Icy Studs

Going to the South of France to shoot the famous wild white horses in Camargue was not the dream I expected it to be. It was windy and extremely dusty. Taking pictures of the Swiss Alps from 3000 meters high, on skis, was a lot closer to being a “dreamy” situation. The common denominator between the horses and the mountains covered in snow was the color “white.” Since I only shoot in Black and White, this may not seem to be an important issue because most other colors turn out to be a shade of grey. But I think the pure white color of the horses had an impact on me and therefore inspired me to combine their forms with the white snow. There is no other logical reasoning behind this combination other than the beauty and purity of the white horses and the breathtaking Alps.



Thomas Barbèy prints are developed in a traditional-chemical based process. Note these are not ink jet prints.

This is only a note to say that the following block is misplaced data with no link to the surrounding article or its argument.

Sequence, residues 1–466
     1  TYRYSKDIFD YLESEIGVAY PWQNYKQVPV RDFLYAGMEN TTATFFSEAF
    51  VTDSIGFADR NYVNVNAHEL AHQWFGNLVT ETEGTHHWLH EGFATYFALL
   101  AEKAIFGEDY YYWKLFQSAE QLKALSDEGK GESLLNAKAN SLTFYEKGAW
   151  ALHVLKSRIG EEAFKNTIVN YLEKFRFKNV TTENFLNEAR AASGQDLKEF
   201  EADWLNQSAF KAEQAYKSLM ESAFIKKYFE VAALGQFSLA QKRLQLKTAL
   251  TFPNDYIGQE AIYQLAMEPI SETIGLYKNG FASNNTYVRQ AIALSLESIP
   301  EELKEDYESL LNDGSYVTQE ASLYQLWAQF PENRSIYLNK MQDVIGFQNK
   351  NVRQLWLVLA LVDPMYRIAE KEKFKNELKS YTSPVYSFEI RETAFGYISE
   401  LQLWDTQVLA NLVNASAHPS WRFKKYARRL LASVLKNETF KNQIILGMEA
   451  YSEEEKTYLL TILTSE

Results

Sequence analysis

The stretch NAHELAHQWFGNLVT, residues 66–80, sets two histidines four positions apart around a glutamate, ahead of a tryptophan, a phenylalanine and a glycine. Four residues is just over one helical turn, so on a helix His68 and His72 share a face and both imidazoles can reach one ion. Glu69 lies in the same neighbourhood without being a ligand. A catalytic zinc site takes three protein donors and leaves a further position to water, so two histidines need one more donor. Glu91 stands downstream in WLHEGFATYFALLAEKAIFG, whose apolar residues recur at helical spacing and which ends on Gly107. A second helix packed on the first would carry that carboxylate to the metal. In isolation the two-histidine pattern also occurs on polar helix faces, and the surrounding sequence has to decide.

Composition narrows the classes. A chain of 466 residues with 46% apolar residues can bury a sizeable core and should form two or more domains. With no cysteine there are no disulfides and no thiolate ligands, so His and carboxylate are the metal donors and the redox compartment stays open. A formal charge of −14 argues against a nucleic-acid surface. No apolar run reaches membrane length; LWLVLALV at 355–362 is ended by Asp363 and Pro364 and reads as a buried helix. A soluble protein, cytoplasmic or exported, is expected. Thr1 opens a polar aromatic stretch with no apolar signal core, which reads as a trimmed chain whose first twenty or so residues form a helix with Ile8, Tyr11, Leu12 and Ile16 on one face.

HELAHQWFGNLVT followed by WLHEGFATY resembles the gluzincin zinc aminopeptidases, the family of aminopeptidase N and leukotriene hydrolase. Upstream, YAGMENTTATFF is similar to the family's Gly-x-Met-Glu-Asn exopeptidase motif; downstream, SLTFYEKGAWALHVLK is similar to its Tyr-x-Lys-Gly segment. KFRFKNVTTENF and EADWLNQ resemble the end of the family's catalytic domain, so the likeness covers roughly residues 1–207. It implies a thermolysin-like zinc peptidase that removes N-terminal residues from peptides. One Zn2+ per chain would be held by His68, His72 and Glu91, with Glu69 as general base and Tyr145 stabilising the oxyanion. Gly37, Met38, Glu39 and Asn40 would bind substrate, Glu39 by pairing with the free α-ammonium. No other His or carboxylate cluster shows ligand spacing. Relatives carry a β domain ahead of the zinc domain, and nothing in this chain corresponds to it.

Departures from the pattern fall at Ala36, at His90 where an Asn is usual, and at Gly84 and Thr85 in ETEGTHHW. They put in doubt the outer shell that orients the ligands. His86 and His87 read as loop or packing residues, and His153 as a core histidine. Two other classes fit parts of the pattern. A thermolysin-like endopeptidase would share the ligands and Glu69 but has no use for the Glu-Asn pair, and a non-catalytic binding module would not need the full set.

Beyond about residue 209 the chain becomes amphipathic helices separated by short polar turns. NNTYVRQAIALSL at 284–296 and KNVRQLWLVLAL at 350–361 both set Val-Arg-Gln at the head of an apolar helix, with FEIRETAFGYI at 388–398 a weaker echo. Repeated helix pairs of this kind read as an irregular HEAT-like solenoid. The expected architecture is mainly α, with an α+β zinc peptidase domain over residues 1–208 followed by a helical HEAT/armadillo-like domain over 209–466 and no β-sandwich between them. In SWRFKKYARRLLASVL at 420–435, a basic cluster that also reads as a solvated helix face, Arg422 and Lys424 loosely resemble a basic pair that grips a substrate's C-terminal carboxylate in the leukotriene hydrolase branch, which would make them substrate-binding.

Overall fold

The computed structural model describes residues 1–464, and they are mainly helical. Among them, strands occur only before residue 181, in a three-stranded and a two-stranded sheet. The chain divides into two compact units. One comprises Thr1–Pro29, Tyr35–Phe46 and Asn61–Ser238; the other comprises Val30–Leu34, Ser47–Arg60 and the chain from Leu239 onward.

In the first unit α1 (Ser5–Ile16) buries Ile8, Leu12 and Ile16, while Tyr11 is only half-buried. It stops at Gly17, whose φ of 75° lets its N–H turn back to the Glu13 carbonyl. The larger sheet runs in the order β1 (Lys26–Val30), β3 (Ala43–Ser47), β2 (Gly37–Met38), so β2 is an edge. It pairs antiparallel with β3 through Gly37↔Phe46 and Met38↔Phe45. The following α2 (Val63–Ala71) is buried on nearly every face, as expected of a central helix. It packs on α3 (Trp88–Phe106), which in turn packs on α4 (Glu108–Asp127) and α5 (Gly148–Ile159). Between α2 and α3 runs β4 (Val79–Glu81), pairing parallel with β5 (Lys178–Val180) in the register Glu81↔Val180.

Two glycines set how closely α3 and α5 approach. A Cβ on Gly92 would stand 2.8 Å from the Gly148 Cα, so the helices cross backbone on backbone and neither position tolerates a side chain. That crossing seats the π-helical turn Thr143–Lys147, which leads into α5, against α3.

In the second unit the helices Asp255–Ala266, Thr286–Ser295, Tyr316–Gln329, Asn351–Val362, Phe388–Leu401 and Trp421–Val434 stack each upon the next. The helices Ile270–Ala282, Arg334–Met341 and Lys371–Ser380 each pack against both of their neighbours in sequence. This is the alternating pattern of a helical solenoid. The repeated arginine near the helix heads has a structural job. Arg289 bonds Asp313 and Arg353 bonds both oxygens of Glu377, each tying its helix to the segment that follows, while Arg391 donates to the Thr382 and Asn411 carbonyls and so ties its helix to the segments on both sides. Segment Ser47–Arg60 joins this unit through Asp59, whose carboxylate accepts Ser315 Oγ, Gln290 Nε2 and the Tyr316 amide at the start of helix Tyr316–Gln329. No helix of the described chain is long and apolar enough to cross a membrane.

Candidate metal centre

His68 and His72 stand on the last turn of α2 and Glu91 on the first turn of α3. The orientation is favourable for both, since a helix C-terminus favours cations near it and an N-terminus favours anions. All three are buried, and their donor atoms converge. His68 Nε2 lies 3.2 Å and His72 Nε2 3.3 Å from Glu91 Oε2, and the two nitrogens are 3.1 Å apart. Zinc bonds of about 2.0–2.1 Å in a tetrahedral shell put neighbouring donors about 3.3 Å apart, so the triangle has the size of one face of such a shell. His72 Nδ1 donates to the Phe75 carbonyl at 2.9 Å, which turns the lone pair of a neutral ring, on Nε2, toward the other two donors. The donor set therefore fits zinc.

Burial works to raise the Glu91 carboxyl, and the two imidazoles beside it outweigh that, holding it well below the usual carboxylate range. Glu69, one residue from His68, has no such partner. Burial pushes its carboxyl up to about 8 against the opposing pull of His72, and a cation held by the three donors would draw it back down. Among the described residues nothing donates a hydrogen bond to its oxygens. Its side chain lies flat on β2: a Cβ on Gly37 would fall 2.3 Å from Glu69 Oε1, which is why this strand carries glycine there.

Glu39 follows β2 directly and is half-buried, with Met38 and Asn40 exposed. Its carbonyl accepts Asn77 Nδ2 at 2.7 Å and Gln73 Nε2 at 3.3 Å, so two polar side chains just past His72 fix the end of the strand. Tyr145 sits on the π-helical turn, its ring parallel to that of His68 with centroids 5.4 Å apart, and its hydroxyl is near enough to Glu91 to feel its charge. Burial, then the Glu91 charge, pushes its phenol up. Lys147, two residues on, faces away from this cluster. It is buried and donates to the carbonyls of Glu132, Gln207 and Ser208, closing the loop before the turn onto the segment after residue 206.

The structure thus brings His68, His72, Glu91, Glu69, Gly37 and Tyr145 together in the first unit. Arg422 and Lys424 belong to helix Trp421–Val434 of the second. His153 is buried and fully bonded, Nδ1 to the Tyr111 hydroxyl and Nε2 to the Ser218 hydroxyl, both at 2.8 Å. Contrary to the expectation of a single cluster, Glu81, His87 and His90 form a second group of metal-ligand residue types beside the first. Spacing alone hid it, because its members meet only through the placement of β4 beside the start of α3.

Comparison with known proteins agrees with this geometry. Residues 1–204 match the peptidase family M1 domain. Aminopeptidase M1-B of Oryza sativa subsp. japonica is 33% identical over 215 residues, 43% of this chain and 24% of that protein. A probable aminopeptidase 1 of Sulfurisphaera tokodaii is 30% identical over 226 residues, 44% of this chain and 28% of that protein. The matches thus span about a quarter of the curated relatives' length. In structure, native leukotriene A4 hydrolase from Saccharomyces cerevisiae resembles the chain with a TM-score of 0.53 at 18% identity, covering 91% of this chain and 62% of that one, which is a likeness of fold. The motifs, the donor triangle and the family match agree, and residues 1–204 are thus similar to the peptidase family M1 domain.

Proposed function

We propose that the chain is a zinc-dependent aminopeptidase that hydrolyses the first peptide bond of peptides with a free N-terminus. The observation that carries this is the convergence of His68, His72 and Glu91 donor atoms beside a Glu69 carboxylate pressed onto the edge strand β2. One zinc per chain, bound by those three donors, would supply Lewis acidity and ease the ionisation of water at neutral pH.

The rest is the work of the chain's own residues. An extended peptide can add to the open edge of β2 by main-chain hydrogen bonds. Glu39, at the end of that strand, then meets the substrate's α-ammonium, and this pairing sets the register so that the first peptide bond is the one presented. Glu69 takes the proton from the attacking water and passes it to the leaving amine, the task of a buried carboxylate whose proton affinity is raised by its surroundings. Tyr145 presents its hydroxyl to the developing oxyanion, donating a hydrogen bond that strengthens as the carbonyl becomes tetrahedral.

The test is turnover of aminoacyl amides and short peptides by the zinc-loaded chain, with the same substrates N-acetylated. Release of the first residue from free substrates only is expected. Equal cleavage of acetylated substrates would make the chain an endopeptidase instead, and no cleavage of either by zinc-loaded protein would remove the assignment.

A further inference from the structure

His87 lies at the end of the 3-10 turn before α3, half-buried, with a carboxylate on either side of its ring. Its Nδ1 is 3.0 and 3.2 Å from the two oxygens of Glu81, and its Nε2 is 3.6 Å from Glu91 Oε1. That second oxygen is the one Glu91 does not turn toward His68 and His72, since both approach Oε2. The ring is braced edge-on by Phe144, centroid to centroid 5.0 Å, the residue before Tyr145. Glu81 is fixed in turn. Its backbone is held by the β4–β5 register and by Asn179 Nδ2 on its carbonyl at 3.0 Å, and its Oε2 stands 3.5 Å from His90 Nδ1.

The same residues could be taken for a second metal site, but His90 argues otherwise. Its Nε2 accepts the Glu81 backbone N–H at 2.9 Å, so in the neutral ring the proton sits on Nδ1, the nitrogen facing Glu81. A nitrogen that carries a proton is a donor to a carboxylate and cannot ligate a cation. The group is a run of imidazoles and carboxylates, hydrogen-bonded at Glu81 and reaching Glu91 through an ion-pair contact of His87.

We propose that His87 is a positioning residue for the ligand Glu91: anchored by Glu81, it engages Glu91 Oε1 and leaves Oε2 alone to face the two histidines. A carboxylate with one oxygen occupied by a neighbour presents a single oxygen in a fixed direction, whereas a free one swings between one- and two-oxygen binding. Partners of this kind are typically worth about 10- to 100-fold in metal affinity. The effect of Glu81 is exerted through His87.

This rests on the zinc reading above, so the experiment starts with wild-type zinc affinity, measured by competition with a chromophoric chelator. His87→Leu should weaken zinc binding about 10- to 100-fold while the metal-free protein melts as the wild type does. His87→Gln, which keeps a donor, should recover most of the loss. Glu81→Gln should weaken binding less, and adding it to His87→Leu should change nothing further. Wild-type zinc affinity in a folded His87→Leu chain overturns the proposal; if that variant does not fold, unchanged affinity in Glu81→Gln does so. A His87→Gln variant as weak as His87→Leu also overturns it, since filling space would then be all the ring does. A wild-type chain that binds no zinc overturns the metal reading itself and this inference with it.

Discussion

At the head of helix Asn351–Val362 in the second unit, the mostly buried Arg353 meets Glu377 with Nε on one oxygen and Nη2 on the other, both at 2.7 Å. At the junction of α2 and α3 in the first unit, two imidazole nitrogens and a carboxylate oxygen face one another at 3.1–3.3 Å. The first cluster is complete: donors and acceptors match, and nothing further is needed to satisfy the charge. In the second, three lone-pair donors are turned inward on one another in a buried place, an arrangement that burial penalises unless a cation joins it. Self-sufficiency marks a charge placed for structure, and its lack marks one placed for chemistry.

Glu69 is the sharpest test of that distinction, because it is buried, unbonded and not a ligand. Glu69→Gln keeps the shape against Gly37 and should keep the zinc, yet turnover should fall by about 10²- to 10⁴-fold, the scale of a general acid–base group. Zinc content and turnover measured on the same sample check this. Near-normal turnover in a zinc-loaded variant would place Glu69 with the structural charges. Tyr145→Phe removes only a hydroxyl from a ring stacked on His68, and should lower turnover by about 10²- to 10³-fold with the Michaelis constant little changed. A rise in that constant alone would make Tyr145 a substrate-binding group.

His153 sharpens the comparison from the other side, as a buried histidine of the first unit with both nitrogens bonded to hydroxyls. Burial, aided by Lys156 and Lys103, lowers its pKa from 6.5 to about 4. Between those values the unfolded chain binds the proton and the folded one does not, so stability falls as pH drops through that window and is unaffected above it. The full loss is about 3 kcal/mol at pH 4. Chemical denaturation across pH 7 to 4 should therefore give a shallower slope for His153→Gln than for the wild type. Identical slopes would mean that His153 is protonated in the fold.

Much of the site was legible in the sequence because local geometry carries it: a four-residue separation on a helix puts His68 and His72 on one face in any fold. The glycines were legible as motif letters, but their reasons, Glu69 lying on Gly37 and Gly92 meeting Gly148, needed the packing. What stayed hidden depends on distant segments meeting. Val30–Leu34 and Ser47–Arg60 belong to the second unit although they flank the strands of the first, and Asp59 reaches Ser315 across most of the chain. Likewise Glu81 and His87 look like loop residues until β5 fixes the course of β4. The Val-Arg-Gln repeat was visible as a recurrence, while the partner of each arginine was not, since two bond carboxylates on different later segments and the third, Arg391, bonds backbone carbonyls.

Sepia Print: Kodak Professional EnduraMetallic Paper. This gallery grade print has a glossy finish and metallic appearance that creates exceptional visual depth. The print stability is 100 years in a typical home display and 200 years in dark storage (as reported by Kodak Inc.). Sepia prints are numbered and hand signed by Thomas Barbèy.

Black and White Prints: Fuji Crystal Archive Paper. It has a matte finish with a stability of 100 years in typical home display and 200 years in dark storage (as reported by Fuji). These prints are available as an open edition and not signed.


We use the finest wood available. The wood is given a look of forged, hammered metal. It looks like an old pewtered mug one would find in an European castle. The frame will fit well with a contempory environment or a traditional home. The finish is neutral with a width of 2 5/8" and Rabbet 5/8".